WASHINGTON — Internet service providers and child advocates have gone to Congress to try and block what they say is an effort by Google to centralize the domain naming system (DNS) to the potential detriment of cybersecurity and more.
NCTA-The Internet & Television Association, CTIA and USTelecom said the potential fallout could include Google acquiring “greater control over user data across networks and devices around the world. This could inhibit competitors and possibly foreclose competition in advertising and other industries.”
NCTA outlined to the heads of the relevant committees just what it thought was at stake if Google took more control of the domain-naming system, which has been used to:
(1) Provide parental controls and Internet of Things management;
(2) Connect users to CDS so they could get content in the “fastest, cheapest and most reliable” way; and
(3) Assist law enforcement in combating online piracy.
Google has countered that it isn’t trying to centralize control and that the effort is only a test, with limited applicability.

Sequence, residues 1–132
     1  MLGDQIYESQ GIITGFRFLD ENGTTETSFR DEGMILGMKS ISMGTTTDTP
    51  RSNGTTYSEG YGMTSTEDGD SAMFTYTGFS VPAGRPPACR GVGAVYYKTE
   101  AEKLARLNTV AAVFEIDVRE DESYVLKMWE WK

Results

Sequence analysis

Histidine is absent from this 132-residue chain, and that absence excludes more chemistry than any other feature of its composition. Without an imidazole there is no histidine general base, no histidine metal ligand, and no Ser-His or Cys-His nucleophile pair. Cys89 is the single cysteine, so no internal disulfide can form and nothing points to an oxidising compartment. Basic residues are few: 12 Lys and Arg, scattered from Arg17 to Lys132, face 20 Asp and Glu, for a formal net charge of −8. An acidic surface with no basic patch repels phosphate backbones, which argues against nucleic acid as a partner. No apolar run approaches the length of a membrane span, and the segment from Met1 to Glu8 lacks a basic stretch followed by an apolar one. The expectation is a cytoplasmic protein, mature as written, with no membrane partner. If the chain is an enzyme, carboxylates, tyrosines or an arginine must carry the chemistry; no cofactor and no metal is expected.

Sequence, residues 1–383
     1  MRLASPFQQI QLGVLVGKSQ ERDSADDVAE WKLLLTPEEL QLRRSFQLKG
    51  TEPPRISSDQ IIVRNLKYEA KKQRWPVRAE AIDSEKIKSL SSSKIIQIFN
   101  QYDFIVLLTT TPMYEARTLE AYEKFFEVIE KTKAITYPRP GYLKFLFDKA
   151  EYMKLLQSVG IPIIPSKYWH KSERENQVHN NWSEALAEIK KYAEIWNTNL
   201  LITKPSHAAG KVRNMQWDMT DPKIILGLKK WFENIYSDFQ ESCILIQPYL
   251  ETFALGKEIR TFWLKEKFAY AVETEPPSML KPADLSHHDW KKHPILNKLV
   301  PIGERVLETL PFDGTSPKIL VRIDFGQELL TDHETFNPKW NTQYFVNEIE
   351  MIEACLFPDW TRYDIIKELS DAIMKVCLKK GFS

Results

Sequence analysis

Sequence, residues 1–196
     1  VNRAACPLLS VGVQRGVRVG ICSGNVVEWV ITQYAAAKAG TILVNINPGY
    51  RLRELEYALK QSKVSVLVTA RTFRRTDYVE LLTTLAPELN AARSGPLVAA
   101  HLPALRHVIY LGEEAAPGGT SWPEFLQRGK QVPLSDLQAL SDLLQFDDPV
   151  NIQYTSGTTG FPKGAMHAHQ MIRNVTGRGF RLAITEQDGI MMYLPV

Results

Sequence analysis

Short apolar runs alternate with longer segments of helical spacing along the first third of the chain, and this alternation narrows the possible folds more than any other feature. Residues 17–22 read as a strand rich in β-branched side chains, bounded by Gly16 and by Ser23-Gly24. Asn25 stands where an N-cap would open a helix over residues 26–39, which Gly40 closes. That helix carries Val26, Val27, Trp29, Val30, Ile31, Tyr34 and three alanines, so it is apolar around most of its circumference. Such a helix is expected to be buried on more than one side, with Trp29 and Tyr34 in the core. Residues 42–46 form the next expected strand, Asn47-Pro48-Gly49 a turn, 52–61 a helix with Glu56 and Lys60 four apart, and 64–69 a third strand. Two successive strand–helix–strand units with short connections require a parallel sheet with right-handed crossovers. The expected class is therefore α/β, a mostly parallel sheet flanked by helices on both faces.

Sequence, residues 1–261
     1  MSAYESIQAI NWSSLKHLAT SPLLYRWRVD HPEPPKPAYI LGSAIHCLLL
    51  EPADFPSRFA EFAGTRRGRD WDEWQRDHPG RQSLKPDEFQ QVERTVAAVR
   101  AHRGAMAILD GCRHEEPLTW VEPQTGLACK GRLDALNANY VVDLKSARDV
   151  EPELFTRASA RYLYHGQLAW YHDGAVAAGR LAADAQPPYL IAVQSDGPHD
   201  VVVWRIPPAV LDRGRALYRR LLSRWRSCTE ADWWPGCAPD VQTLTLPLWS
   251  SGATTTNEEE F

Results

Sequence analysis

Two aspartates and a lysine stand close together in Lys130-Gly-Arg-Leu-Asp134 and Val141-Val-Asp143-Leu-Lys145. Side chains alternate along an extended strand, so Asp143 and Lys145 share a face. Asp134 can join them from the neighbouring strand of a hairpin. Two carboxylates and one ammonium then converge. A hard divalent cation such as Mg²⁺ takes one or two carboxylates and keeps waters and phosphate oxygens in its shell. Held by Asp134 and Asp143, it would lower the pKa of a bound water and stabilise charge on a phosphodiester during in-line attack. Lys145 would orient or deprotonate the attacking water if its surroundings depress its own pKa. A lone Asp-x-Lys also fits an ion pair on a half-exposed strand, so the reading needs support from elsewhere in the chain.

With Big Tech under pressure to protect privacy, Google said it is just trying to bring the privacy benefits of the secure HHTPS regime (DNS-over-HTTPS, or DoH) to the domain naming system (DNS), which it said would help prevent others from seeing which sites a web user is visiting and help prevent spoofing.
Sounds good so far. But ISPs and others say there are unintended consequences, which is what prompted them to seek Hill help. The ISPs and child advocates, in their letters to top legislators, also said they were concerned that the DNS change would make it harder to track and stop child predators.
Not true, Google said. “There is no change to how DNS providers work with law enforcement in accordance with court orders,” it said in a statement.” Google said the test is among only a handful of DNS providers that already support DoH, and will not be instituted by default in those cases, as Mozilla has signaled it will.
As to the centralizing charge, Google said characterizing the company as a “centralized encrypted DNS provider” is not accurate.
Google was expected to reach out to the ISPs to try and clear up what they suggested was a misunderstanding. An NCTA spokesperson said they knew of no such outreach.
Contributing editor John Eggerton has been an editor and/or writer on media regulation, legislation and policy for over four decades, including covering the FCC, FTC, Congress, the major media trade associations, and the federal courts. In addition to Multichannel News and Broadcasting + Cable, his work has appeared in Radio World, TV Technology, TV Fax, This Week in Consumer Electronics, Variety and the Encyclopedia Britannica.
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